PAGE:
In concept, it is much more relevant to have an easily accessible ISO dial on a digital camera than on a film camera. On a film camera you just set and forget it, unless you are using it as a cheat for exposure compensation. Not so when shooting digital.

It makes perfect sense. There are three parameters that affect exposure, four if you count exposure compensation. Why should ISO be treated differently than shutter speed or aperture today? No reason I can think of. You don't fiddle with it often? That's you.

To me it makes more sense than a PASM dial. If I am shooting raw (and I am) then aside from focus control, I want direct unambiguous control over the exposure by modifying whichever combination of shutter speed, ISO, and aperture makes sense at the time, and leaving the other parameters to automatic.

As far as those who said they don't want to take the camera away from their eyes to look at the dial, that's ridiculous. The info is in the EVF, you don't have to look at the dial if you don't want to.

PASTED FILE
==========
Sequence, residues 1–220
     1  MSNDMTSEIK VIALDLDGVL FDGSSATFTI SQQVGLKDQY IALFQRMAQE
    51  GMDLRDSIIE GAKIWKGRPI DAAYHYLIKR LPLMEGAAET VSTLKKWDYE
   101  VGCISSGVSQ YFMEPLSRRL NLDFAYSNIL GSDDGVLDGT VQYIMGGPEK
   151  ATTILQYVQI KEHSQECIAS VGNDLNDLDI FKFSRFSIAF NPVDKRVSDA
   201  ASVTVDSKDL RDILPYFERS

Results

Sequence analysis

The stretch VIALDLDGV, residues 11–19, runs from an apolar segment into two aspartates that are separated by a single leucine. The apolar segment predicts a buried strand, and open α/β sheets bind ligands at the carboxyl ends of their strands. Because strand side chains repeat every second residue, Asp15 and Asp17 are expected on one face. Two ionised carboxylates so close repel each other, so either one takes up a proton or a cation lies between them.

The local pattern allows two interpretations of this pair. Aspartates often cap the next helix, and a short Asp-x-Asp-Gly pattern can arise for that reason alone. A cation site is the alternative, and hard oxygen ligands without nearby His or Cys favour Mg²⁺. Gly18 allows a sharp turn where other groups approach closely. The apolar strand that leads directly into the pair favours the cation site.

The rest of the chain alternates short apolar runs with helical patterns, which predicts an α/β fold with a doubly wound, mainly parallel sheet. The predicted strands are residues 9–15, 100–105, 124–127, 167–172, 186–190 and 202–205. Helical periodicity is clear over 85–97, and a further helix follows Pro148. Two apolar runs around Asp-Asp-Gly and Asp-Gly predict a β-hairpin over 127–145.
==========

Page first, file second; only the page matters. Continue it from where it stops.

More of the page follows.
For those who just want to be able to see the settings when the camera is off, having direct dials for these parameters is only one way to get it done, another welcome way would be on a top plate display instead of the dial. But the combination of having unambiguous, always on access to the most important parameters, and being able to read them with the camera off is pretty attractive.

In practice, it could be that the locking pins are a bit of a pain. That is a matter of personal preference. I think the right way to go on this would have been to design locking pins that could be pushed further down than flush (say with a pen) to put the dials into a free wheeling state to satisfy users who prefer it stay unlocked.

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Beat Traveller
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Re: ISO Dial Obsession
In reply to rich789, 9 months ago

My problem with the X-T1's ISO dial is the combination of placing it on the left hand side with a lock. Adjusting it with the camera up to your eye sounds like an exercise in frustration.

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DVT80111
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Re: Who changes it very often ?
In reply to nick_webster, 9 months ago

nick_webster wrote:

I control the shutter speed/aperture and exp. comp. and let the camera pick whatever ISO is necessary to ensure a proper exposure.

Not the way I shoot. I choose Aperture, ISO, and let the camera choose the speed. When the speed drops too slow, I will bump the ISO up. So ISO dial is very very useful. Speed dial, almost useless.